BY ALEXIS HOSTETTER
Recently Netflix released a show based on a graphic novel by Alice Oseman, titled “Heartstopper”. The story follows two young boys in high school as they navigate through their friendship, discovering it could be something so much more special.
Many streaming services don’t necessarily have shows based on representation and coming-of-age films that are focused on LGBT+ people. Netflix is consistently breaking that barrier, with many shows and movies such as “Young Royals”, “Sex Education”, “Orange is the New Black”, “Fear Street”, and now “Heartstopper”. The show’s first season released recently, on April 22, with eight episodes running about twenty-five minutes each. If you were me, you could’ve binged it in an afternoon after school.
If you thought this show could only impact you if you were a gay man, you’d be sorely wrong. The show includes representation of many different sexualities and genders, such as becoming transgender, figuring out whether you’re straight, gay, or bi, coming out, and many other things. The representation this show projects could apply to anyone, whether it be an ally or someone who is trying to figure themselves out.
Currently, the graphic novel the show is based on is maintaining a high four star rating, with the show at a five star rating. People across the world seem to be raving about how well the journey was executed by Oseman. The show was very well done, and I personally texted many of my friends recommending the show, with one of them actually binging it all in one sitting just as I did, then texting me just how much she loved it herself.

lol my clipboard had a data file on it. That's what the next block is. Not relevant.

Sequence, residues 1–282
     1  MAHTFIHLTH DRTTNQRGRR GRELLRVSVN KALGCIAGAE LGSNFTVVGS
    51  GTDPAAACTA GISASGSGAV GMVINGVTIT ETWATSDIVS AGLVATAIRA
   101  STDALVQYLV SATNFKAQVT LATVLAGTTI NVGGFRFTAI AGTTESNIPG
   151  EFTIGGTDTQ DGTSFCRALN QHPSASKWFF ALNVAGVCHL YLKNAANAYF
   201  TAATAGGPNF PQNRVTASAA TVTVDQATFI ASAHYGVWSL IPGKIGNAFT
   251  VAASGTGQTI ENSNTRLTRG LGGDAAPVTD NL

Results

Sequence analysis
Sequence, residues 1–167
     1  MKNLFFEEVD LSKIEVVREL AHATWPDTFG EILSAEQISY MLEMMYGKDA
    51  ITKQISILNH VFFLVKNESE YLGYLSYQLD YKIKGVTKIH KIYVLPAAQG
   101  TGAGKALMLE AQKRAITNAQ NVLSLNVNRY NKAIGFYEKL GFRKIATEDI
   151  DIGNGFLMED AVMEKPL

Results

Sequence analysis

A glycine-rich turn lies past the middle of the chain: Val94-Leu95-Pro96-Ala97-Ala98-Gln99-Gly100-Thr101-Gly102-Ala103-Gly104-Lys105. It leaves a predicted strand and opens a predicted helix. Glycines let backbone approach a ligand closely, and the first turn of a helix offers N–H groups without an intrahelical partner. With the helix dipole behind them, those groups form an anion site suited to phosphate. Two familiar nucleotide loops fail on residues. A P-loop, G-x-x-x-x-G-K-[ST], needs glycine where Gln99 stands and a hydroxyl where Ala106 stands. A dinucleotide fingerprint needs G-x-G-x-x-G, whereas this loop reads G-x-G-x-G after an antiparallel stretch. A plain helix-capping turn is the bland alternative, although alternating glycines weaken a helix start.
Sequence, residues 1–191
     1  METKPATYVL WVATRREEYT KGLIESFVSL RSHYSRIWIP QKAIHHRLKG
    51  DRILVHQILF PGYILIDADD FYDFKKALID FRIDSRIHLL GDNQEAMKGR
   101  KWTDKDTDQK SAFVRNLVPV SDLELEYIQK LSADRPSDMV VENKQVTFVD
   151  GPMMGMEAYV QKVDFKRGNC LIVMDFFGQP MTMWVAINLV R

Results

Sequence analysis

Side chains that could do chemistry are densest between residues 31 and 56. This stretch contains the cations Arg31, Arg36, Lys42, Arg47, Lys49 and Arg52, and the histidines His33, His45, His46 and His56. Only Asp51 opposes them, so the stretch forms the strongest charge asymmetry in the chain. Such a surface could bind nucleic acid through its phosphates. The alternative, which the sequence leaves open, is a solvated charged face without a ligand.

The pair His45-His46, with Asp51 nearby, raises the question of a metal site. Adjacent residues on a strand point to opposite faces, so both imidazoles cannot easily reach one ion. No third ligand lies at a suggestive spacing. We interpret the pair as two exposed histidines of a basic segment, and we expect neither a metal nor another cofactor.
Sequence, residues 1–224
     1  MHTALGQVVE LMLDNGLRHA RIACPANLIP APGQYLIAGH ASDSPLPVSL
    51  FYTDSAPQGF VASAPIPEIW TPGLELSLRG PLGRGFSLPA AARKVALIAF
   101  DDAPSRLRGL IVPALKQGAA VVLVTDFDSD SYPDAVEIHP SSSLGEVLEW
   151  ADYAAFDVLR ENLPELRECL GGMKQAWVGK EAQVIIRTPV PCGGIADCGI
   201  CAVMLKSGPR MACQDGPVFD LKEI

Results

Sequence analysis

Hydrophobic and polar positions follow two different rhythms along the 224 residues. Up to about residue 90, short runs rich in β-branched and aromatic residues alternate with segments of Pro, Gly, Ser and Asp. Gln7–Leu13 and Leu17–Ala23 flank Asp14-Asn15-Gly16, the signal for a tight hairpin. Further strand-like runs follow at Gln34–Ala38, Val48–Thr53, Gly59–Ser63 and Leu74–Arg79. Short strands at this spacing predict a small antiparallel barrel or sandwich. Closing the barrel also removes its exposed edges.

The show even includes the perspective of being judged and bullied for your sexuality. Throughout the show, Nick’s friend Harry had been teasing Charlie for his sexuality. As well as at the girls’ school, Higgs, a lesbian couple had came out and recieved a lot of backlash from their peers. The backlash included phrases familiar in todays day and age like, “You don’t look like a lesbian.” Many of the characters struggled with dealing with what people said about them, but at the end of the day, it’s all about how you react, rather than what they choose to think of you.
If you’re a teenager struggling with identity, coming out, or dealing with what people would say, or just simply an ally wanting to learn more, I would recommend this show to you. From the perspective of someone who struggled with many of those, this show portrayed the feeling very well.